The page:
Mohtadi: Look, the way Kurds think which our non-Kurdish friends need to understand is that Kurdish people have been single-handedly struggling against the regime for the past 30 years, something that has caused much death and money, while nobody really assisted them. So there is also a deep-rooted lack of trust. There have been plenty of rumors circulated regarding violence that is attributed to us and they have tried to make people believe that. Another point is that Kurdistan is much more security-dominated than other parts of Iran and Tehran. Aside the recent months, the situation in Kurdistan during the last thirty years has been very security-driven. Furthermore, the green movement has not displayed any goals/slogans for the Kurdish people and has made no effort to win their trust. This was not understood correctly in the beginning. The initial religious element of the movement had not attraction for the Kurdish people and in fact was a deterring factor. These realities and also the fact that the leaders of the green movement are themselves the well known individuals affiliated with the regime’s past, have left a wide negative view among the Kurds which all prevented attachment to the green movement in the first months. Also, other provincial towns have not had a wide participation either and Tehran has remained the center of the movement while the presence of the Kurds in the demonstrations of Tehran was significant and conspicuous.

Rooz: Does the distrust still exist?

Mohtadi: No, not like before. The extensive solidarity that was displayed over the execution of five individuals in May and the wide media coverage of the successful public strike and demonstrations in Kurdistan are reasons for breaking this distrust. The mass demonstrations in Kurdistan which was supported by many political and social groups, gave the Kurds this feeling that there was a possibility to create conditions in which the Kurds would not be isolated and where all people of Iran would supporter their rightful demands. I think this was the necessary signal that was sent to the Kurdish people.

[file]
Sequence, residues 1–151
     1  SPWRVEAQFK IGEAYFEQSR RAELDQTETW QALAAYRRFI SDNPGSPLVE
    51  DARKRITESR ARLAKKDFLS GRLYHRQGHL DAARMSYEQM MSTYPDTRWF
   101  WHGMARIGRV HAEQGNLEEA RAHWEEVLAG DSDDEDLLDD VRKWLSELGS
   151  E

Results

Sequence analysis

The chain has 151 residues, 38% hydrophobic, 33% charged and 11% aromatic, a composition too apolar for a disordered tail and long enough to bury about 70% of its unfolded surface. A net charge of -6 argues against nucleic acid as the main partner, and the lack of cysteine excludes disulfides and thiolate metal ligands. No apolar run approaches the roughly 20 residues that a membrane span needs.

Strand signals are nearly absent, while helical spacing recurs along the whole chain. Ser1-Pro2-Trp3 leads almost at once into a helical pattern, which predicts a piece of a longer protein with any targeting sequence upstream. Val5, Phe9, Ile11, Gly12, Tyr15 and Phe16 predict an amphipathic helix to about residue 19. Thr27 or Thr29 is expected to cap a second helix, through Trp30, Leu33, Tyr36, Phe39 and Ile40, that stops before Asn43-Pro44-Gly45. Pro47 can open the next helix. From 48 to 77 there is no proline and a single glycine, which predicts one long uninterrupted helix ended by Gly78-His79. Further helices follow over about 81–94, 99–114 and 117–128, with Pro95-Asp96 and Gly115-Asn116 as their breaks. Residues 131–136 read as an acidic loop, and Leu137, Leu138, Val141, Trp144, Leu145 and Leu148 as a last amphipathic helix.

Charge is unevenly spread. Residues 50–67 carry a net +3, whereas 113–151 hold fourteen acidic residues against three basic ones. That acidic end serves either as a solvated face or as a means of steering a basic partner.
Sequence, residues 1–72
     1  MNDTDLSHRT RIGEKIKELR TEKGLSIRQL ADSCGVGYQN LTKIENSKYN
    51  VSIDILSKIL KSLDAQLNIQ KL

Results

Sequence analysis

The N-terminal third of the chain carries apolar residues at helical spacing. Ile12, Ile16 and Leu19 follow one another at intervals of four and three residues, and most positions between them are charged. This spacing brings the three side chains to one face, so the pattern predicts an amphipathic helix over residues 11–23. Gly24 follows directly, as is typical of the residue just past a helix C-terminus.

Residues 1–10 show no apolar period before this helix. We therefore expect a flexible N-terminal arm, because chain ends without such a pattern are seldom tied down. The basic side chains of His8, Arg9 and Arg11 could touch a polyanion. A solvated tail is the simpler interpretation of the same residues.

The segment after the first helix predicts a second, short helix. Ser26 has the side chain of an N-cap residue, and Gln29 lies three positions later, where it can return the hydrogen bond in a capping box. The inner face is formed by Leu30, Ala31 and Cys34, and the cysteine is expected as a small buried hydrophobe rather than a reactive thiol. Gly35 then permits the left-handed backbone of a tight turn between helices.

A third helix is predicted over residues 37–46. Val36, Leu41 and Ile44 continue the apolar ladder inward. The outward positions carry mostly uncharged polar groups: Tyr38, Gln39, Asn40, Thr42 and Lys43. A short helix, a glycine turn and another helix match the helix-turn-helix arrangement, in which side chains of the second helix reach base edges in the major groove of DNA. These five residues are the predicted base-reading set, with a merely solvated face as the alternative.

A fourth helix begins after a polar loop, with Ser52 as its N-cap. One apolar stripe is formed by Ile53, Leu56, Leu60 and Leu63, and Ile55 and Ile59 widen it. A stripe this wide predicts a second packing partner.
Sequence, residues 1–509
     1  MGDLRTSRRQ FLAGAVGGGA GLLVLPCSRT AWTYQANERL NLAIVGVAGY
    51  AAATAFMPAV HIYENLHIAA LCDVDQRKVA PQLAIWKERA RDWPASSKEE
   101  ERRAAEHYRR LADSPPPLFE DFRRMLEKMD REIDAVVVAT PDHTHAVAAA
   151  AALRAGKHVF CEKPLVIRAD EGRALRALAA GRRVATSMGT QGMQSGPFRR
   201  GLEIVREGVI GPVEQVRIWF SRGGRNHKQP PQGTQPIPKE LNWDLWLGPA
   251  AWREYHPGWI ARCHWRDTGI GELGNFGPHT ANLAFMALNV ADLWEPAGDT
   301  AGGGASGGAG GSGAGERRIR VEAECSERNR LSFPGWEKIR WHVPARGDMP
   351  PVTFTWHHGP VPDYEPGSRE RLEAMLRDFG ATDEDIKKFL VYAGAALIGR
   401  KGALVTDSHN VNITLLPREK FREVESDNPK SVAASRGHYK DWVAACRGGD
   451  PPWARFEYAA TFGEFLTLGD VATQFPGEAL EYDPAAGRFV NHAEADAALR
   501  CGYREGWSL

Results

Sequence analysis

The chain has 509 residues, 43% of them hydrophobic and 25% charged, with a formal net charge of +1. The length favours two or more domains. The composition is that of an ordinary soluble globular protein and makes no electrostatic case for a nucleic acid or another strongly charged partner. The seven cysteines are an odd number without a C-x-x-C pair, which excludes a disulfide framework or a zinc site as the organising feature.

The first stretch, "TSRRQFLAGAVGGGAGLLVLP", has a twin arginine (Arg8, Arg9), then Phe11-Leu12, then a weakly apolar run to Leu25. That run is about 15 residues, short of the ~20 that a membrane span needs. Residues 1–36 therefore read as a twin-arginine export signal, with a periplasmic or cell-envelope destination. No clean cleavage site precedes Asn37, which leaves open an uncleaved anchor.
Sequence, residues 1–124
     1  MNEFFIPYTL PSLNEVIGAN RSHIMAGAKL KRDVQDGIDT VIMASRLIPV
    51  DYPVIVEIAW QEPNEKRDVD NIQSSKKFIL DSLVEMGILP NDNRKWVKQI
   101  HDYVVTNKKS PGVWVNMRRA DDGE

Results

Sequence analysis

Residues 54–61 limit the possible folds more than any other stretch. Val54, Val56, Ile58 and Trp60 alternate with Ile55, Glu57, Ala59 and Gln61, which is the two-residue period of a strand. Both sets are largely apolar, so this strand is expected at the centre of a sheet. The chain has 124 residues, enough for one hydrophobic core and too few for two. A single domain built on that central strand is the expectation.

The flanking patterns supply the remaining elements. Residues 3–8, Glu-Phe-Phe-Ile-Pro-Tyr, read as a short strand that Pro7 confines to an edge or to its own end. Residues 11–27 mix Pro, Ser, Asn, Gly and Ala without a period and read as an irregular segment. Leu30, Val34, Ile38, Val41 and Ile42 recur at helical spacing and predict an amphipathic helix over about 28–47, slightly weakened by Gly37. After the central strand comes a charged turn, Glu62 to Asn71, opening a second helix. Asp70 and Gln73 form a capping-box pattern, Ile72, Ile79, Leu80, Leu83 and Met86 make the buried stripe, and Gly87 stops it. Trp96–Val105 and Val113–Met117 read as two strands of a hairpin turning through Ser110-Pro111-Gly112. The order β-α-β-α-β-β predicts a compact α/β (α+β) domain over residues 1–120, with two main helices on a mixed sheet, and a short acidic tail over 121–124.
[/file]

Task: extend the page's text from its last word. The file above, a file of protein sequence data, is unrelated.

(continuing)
Rooz: Do you think Mr. Mousavi as the leader of the green movement and its other leaders have succeeded in implementing its key goals of representing the rights of all Iranian people?

Mohtadi: I have said before that aside his ideological considerations and his associations with the regime in the past, which I and others do not accept, the resistance that he and Mr. Karoubi have shown in their demands are their strengths. Also, their relative flexibility in accepting other horizons, discussion and demands, I view the green movement to be positive. Certainly their performance to advance the movement is not free from criticism and their retreat in two or three instances is a serious weakness. As far as the Kurds are concerned the denouncement by green movement leaders of the execution of the Kurdish activists was a positive step. But generally, the gentlemen have said little about Kurdistan.

Rooz: Mr. Mousavi recently expressly said that moving troops into Kurdistan in the first years of the war was a mistake that should not have taken place.

Mohtadi: I view this statement by him as a step forward, but also believe that he must present more explanation about the 1980s in general and present more critiques and speak more frankly. I also believe that while Mr. Mousavi was not prime minister when the army was moved into Kurdistan and Mr. Bazargan’s government was in power (Mr. Bazargan also had said that he heard of the army’s move into Kurdistan on the radio), he owes an apology to the Kurdish people.

Rooz: So even though you view Mr. Mousavi to be not responsible for the move, you think he should still express his apologies to Kurdistan?

Mohtadi: I believe that even if he was not involved in making that decision, he can still announce its inappropriateness and explain that during his premiership during the war period a lot of crimes were committed against the Kurdish people, even though he had no direct personal involvement in the events. He owes that apology.

Rooz: You said the invasion of Kurdistan took place before he came to power and there are documents implicating him in the oppressive measures against the Kurds and he has already said that moving in the army (i.e. occupying the region) was wrong. Don’t you think his apology is without cause?